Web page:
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The "Basketball Drop " Activity

An Idea On How to Use the PEPP Geophones and Vernier Software

David Burch

Eastern Greene Jr-Sr HS

The Data Logger software received in the PEPP workshop is an excellent way to demonstrate how seismographs work and some of the basics of how seismic waves travel. This can be either a qualitative activity for younger or lower-level students, or a quantitative activity for more advanced students, depending upon the sensitivity of your equipment. This activity is an adaptation of one presented at the EPIcenter wokshop for teachers at Purdue in 1996.

Materials needed: Sand-filled Basketball

Geophone set-up with Vernier Software

Printer attached to computer (if doing quantitatively)

Video from IU "How to Know if the Earth Moves", starring Gary Pavlis


The tape from IU shows the principle of operation behind digital seismographs very well. You may want to show it before doing this activity.

Set up the geophone assembly. I have found that it is more sensitive if I put the geophone on a small table by itself (such as a computer table) away from the recording computer.

Set the data points at 50 (highest recording rate), and the time scale at about 30 seconds.

Demonstrate how it works by dropping a small rubber ball on the table, allowing it to bounce several times. The display should show several peaks and valleys, similar to the appearance of a seismogram.

Go to the Display choice on the pull-down menu bar. Select Data Points. The lines that made up the "waves" on the screen will be replaced with a series of dots. This is very much like the description on the IU tape, a good illustration of how a digital seismometer displays data.

Preparing the Basketball

Obtain a basketball that no longer will hold air. The PE department will probably have at least one, if not several. The outdoor-style rubber ones are really better than the game-type leather ones for this function.

Cut a small circle (less than 5cm) around the valve area of the ball with a utility knife.

Get a heavy-duty trash bag larger than the volume of the ball and poke the bag into the ball's interior, leaving the top of the bag out of the ball. Blow into the bag to spread out the bag inside the ball as much as possible.

Fill the ball with dry sand. I made a funnel for pouring the sand into the ball by cutting off a 2-liter plastic bottle. Try to fill the ball as completely as possible with sand. When full, tie off the trash bag with a knot to keep the sand from leaking out. The completed ball will weight about 15-20 pounds!

Using the Ball

It is sometimes very difficult to drop a weight consistently, especially if it is an irregular shape. The sand-filled basketball should give you some fairly consistent data, due to the shape of the ball and the consistency of the sand.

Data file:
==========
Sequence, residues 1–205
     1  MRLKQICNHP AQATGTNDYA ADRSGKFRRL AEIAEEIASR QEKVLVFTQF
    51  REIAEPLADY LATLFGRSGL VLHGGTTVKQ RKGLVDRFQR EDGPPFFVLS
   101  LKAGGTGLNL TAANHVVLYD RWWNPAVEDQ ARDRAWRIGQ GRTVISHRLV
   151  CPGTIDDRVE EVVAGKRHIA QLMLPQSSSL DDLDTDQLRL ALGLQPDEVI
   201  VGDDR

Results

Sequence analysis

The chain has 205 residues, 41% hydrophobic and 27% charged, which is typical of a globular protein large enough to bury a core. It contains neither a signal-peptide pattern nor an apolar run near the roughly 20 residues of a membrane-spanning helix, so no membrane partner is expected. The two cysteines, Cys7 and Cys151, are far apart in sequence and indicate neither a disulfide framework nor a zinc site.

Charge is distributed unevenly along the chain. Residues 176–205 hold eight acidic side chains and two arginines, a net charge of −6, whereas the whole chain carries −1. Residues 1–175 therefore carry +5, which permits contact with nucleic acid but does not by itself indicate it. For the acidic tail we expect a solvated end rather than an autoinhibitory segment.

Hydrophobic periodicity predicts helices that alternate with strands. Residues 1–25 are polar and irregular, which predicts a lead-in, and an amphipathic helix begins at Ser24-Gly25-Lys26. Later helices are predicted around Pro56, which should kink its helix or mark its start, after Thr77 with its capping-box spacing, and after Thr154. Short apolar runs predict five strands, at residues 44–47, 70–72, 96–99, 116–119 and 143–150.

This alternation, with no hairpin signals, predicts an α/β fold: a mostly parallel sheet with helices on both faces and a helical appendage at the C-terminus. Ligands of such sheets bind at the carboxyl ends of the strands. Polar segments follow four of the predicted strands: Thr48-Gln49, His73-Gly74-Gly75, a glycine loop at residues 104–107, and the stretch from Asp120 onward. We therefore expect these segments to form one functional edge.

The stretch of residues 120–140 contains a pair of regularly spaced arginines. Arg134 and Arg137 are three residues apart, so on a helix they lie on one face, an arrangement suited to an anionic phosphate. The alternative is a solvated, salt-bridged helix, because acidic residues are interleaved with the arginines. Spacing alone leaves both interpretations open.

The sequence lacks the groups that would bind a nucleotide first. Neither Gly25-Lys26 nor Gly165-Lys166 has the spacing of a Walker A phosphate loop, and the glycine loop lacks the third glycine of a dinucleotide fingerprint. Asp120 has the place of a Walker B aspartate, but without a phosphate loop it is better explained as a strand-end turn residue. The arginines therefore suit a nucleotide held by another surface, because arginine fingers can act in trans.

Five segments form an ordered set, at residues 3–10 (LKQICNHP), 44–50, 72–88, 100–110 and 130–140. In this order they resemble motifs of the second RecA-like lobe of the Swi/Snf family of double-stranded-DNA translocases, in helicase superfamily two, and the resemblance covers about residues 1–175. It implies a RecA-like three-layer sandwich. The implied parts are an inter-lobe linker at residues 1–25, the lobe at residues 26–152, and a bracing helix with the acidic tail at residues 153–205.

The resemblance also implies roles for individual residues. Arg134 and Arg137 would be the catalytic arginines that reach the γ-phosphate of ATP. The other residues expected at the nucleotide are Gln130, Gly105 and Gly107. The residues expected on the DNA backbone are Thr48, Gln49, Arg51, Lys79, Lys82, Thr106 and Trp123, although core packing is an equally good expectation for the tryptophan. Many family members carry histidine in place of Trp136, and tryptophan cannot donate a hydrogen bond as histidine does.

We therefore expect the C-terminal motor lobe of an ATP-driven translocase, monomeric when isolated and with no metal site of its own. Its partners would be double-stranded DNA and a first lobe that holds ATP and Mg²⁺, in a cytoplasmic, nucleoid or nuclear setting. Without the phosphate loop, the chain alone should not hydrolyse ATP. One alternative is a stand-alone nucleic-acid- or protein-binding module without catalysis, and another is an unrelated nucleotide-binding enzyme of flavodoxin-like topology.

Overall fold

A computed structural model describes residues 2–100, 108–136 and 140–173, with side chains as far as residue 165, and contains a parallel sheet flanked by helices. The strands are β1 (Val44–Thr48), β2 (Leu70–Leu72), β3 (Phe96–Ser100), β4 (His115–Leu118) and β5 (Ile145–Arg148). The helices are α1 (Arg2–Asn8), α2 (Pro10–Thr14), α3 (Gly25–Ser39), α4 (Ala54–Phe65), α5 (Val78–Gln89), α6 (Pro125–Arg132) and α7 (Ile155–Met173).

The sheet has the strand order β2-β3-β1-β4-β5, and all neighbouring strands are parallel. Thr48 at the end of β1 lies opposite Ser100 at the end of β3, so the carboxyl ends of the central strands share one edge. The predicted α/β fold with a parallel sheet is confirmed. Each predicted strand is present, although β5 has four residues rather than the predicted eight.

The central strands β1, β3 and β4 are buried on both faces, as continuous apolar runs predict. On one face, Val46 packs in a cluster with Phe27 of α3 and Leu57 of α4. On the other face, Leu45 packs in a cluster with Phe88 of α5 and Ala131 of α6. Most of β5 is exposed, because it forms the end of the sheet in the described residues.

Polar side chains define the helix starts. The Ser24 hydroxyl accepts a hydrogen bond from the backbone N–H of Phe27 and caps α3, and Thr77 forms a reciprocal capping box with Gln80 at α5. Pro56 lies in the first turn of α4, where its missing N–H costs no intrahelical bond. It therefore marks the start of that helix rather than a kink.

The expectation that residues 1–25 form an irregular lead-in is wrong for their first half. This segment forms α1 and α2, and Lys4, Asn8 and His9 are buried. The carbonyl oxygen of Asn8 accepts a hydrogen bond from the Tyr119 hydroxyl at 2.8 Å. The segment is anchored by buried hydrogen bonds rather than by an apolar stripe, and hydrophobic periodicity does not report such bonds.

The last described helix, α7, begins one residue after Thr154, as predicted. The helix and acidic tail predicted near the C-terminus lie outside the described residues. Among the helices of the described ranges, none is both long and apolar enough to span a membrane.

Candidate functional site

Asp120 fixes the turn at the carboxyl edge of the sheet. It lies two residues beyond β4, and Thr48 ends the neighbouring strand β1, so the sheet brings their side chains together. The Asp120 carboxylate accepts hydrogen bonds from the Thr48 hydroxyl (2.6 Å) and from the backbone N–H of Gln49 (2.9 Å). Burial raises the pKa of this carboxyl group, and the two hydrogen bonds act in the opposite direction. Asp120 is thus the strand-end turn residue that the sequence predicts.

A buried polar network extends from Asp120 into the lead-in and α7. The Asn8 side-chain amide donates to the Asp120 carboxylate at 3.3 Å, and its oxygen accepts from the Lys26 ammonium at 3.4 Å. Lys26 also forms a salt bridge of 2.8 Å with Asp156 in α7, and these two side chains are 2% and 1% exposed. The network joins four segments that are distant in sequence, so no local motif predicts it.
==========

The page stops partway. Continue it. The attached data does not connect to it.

Mark several points on the floor of the room. One point should be directly in front of the table on which the geophone is resting. From that point , measure 1m away, 3m, 5m, 8m, 10m, etc. to the boundary of the room.

At each point, drop the ball from a fixed height, for example 2m. Do this quickly, so the drops from different points can be on the same display screen. You may have to change the time interval on the screen to 60 seconds or so. If a printer is attached to the computer, print the screen for further study. Ask students to answer questions such as:

Is there a pattern developing in the observed data?

If so, what is the pattern?

Can you suggest reasons that could explain any pattern?

How can you test your hypothesis?

Do you have any ideas about other experiments you might do using this equipment?

How can these experimental results be applied to seismic waves?

To apply this concept to real data, I used a data set from the California-Nevada Border Region quake of May 15, 1999. The quake was a 6.0 magnitude quake. From the PEPP website, I downloaded data from these stations:


Distance (km)

Max Wave Height (estimated from SWAP)



9 X 105 , or 90 x 104



13 X 104



9 X 104



7 X 104



3 X 104


This file set can be loaded into SWAP for analysis. Use the Display mode to put the seismograms in absolute time scale. This clearly shows the difference in travel times of the body and surface waves.

Choose the Detail Window button. Next, use the Display option to put all the seismograms into the same units (in this case, velocity or nm/sec).

Use the magnifying cursor to analyze each seismogrm. Estimate the wave height of the largest surface wave of each seismogram. Add this estimate to your data table (see above). The data is consistent with your model.

This same procedure should work with most regional quake data sets.

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